Magazine article Editor & Publisher

Pressing Issues: Giving a Name and a Face to the Fallen

Magazine article Editor & Publisher

Pressing Issues: Giving a Name and a Face to the Fallen

Article excerpt

Bill Mitchell never expected his boy to make "Doonesbury," let alone "Nightline." He was happy enough that his son Mike had made a man of himself in the U.S. Army, while not losing his compassion and fun-loving nature. But now, this spring, here is the face of Michael W. Mitchell, staff sergeant in the U.S. Army, in The Washington Post, on "Nightline" and on the front page of USA Today, his name plastered all over other newspapers and, this past Sunday, etched in a panel of Garry Trudeau's comic strip.

What this means, of course, is that Mike Mitchell is a victim of the war in Iraq, shot by a sniper on April 4, dead at the age of 25, after volunteering to take control of a tank's machine gun during an ambush in Sadr City.

What does his father, a 53-year-old Army veteran who lives in Atascadero, Calif., think of the "Doonesbury" mention and similar honors, which some pro-warriors in the press have denounced? "I like seeing the names out there," he told me last week, six days before Trudeau's tribute. "Otherwise, they are just unknown soldiers."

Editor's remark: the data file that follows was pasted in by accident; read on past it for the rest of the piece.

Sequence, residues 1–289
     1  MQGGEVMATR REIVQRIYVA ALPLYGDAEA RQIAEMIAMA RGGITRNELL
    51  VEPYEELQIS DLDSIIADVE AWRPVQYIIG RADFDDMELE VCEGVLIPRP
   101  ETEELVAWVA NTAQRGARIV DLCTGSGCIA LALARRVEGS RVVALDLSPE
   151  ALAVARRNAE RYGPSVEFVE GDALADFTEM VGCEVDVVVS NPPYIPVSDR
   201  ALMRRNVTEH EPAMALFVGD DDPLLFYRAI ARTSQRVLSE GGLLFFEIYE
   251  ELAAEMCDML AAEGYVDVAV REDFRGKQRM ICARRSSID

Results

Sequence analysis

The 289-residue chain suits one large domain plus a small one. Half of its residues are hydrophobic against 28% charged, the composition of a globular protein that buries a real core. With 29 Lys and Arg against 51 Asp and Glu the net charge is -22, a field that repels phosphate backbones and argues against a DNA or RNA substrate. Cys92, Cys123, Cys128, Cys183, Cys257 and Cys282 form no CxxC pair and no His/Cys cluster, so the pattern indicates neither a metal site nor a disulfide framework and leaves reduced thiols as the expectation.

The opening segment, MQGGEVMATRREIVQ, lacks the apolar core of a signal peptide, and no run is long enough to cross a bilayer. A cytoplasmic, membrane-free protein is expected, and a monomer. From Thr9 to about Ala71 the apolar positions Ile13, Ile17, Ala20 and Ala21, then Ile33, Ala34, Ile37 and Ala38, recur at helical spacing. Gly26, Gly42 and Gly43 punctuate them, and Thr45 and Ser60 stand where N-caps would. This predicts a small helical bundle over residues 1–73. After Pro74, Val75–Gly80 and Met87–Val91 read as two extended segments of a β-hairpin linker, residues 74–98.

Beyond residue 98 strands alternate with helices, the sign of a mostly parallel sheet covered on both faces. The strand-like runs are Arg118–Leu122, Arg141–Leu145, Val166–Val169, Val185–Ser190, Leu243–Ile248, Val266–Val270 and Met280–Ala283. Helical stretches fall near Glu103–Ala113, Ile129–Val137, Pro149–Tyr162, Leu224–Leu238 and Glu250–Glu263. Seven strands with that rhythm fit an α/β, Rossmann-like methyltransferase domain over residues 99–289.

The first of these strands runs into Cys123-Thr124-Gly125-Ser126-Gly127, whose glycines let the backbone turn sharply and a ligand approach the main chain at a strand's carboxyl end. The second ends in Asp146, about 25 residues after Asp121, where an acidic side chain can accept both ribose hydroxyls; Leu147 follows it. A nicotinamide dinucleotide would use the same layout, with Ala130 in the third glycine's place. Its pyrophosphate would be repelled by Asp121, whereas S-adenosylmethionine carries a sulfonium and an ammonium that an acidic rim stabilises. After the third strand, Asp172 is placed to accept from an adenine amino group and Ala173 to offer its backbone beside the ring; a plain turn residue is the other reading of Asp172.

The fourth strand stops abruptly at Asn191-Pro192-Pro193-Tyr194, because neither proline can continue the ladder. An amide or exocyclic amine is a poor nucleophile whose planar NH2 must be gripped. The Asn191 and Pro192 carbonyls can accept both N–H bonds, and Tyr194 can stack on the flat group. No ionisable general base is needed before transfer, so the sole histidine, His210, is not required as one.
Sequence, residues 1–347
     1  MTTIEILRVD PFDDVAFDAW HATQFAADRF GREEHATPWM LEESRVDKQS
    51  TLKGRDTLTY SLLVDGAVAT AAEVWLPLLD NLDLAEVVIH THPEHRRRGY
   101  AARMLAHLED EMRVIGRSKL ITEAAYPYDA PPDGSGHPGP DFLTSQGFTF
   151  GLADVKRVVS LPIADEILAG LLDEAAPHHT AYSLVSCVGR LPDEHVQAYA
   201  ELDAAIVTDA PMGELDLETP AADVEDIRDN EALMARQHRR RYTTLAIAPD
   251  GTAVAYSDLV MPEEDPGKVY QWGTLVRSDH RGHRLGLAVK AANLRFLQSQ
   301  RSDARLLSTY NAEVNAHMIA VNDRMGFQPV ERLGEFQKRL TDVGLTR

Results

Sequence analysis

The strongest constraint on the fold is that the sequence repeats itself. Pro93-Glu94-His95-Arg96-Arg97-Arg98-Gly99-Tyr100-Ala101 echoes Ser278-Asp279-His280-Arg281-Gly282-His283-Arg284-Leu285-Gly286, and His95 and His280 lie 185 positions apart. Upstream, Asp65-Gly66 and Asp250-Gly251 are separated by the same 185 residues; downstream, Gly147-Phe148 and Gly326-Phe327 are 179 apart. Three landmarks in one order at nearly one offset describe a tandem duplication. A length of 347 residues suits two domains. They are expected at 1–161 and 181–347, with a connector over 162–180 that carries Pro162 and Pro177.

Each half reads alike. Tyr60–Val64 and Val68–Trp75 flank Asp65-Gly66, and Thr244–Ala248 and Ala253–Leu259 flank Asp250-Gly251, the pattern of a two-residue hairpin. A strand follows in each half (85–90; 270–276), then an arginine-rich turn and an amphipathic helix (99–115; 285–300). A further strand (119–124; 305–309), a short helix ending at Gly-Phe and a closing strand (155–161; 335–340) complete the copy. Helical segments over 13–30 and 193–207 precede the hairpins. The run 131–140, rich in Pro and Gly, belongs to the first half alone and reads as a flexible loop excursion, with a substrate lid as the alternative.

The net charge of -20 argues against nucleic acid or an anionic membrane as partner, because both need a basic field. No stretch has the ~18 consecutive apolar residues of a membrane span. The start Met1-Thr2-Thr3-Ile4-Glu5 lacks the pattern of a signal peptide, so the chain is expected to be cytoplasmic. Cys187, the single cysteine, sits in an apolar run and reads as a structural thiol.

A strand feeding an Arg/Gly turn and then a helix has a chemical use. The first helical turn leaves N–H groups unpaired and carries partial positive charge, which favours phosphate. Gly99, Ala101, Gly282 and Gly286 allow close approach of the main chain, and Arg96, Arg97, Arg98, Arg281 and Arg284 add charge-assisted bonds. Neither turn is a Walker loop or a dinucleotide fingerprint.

Surprisingly, he took it further: "I would welcome printing the name of anyone who has died due to this war. Is an American death worth more than the death of an Iraqi, an Australian, or a Spaniard? I would bet you the grieving parents of those who were killed could straighten out some people in America who only think our loved ones are important! These deaths are the real cost of war, and every single one should be given the honorable mention it deserves."

Bill didn't require the death of his son to oppose this war, however. He carried a sign during a March 20 peace protest near his home that read, "Bring my son home now."Less than three weeks later, Mike would come home, in a coffin, with a flag draped over it.

I met Bill Mitchell (no relation) in an odd but appropriate way. When I wrote a column comparing the Iraq war with Vietnam on April 8 -- then a bit of a stretch, now far from far-fetched -- I ended it with a tribute to the Americans lately killed in action, using a list The New York Times carries every day (this was before naming the dead became fashionable). Among the names: Michael W. Mitchell. Someone apparently forwarded this column to Bill, who was in Germany, looking after Mike's fiancee, Bianca. …

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